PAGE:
Categorized | Meet a Freethinker

Meet a Freethinker: Ron de Vera

No two freethinkers are exactly alike; a group of freethinkers contains a great diversity of perspectives, so there is no one, official perspective shared among all of them. This makes the freethought community a truly vibrant source of ideas and opinions!

In this light, Meet a Freethinker is our series featuring freethinkers of all backgrounds and perspectives. We want to introduce you guys to the people who make up the proverbial melting pot of this growing movement.

Our next freethinker is Ron de Vera. Ron says he is a whole lot of “-ists”; LGBT Rights Activist, Journalist, Linguist, Artist, Photographist, Teachist, Writist and Sportsist. He writes for the Filipino Freethinkers website, Digital Journal, and Outrage Magazine. Ron dreams of winning a Palanca award someday even though he has never submitted, and has no plans of submitting an entry, ever.

 

1) How would you define a freethinker?

A person who is not a freethinker eats a cupcake just because the server says it’s tasty. But a freethinker goes to the kitchen to ask the crew what they did to make the cupcake tasty, and perhaps to get a copy of the recipe.

2) What belief system do you subscribe to?

I’m an agnostic theist. I have a spiritual self. I believe there may be one or many superior (not supreme) beings out there who definitely do not match the gods described in many holy books. But my freethinker self always trumps my spiritual self. Thus, I require hard evidence to prove the existence of these superior beings that I refer to. Although I believe there may be superior beings (or gods, if you may) out there in different dimensions of the multiverses, I am not aware of any reliable, satisfactory proof of their existence so I question my own belief. Yeah, my “selves” engage in logical debates with each other. I’m schizophrenic that way.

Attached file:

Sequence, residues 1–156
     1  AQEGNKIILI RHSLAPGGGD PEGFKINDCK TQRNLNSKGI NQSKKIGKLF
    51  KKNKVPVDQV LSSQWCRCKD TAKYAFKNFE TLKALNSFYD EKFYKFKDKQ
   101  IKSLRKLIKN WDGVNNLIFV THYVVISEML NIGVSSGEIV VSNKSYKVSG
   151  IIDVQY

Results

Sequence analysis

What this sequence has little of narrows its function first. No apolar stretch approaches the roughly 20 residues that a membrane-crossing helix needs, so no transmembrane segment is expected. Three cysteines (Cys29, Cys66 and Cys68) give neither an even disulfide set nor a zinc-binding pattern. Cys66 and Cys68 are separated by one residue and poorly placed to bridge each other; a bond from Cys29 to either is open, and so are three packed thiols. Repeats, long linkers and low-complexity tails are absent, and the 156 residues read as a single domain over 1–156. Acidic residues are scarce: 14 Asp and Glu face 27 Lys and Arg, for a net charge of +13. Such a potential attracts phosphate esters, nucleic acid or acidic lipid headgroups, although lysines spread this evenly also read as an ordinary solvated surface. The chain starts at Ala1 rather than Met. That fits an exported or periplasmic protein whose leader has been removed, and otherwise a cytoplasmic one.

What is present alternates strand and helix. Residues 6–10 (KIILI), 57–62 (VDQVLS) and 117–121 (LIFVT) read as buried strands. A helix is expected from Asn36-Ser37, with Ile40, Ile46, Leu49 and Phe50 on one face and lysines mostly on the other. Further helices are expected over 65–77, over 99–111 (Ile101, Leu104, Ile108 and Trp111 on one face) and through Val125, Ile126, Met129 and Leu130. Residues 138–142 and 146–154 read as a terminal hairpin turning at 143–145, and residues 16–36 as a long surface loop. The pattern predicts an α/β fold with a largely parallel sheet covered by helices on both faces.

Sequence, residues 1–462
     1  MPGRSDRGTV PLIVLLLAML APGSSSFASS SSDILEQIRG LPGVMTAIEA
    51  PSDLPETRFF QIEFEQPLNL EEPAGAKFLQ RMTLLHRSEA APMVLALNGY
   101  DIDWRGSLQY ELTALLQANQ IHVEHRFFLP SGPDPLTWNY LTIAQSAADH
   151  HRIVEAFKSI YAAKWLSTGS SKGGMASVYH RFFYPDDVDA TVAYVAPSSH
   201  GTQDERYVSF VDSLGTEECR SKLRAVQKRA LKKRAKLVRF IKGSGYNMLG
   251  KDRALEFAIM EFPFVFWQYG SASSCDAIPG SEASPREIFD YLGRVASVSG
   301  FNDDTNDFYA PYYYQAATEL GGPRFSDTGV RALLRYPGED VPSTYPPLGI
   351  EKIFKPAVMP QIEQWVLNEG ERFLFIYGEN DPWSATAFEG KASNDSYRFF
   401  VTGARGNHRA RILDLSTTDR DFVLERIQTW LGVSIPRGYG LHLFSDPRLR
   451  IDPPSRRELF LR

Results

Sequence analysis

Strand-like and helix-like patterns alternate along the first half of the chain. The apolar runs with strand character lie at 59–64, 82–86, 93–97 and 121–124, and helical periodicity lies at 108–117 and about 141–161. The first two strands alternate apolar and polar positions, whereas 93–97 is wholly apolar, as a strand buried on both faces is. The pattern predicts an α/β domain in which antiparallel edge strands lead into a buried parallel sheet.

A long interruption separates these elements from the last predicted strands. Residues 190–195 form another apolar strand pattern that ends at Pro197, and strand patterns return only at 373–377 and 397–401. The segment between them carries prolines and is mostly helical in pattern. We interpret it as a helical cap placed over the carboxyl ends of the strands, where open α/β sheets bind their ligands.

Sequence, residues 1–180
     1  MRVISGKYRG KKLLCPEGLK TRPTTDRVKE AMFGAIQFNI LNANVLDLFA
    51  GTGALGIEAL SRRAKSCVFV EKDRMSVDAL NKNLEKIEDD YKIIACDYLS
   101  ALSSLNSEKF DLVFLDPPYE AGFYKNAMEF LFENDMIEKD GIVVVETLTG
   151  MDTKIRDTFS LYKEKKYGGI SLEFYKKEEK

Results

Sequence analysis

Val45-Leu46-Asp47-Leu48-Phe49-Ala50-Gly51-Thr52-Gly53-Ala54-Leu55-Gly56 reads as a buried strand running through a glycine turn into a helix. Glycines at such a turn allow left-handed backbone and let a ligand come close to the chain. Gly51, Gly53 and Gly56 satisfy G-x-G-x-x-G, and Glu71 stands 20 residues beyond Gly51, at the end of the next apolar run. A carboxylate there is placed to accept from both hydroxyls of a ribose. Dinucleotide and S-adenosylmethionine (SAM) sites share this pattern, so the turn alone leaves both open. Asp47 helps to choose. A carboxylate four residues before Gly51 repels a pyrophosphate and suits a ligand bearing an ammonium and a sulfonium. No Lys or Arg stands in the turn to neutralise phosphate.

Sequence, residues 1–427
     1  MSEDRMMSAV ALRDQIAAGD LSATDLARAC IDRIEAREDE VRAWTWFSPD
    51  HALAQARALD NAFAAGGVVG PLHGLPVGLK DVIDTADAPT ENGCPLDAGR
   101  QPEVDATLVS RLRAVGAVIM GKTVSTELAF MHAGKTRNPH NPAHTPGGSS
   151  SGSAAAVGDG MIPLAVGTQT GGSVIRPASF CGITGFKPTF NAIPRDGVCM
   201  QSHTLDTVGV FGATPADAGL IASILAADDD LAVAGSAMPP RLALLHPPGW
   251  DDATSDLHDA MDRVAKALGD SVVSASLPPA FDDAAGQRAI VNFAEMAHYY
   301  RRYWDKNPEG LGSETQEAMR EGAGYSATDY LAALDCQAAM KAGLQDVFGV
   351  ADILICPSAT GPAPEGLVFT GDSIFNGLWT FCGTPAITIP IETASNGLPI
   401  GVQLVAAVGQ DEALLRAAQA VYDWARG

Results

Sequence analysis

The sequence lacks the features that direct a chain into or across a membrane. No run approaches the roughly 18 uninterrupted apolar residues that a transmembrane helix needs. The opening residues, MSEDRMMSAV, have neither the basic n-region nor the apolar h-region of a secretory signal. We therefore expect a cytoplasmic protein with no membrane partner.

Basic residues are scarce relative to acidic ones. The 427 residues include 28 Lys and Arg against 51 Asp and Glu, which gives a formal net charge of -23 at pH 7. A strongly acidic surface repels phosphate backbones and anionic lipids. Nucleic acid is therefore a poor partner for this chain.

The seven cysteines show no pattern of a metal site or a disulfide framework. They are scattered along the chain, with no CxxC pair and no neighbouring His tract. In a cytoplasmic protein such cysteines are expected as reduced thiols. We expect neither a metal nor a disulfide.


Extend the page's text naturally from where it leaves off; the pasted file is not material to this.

3) What was the funniest or most interesting reaction you got from a person after you told him or her that you were a freethinker?

I remember this conversation I had with a classmate back in college. I had to reconstruct this based on memory. These are not the exact words:

Ron: I’m a freethinker.

Classmate: So you’re an atheist?

Ron: Not necessarilly. Some freethinkers subscribe to a religion.

Classmate: Then what are you?

Ron: I’m an agnostic.

Classmate: But isn’t that just a phase? Aren’t you eventually going to become either a Christian or an atheist? Just like how bisexuals eventually go back to being straight or turn fully gay?

4) In what way has being part of a freethinking community benefited you?

I’m a highly extroverted person so I love meeting people to expand my network, especially those who have similar interests. But in addition to making friends, being part of Filipino Freethinkers keeps me on my rational toes. It has been crucial in keeping my reasoning skills sharp because it’s one of the few circles I move in where logic is valued. Also, as an LGBT rights activist, I’ve found that it’s easier to make allies out of freethinkers.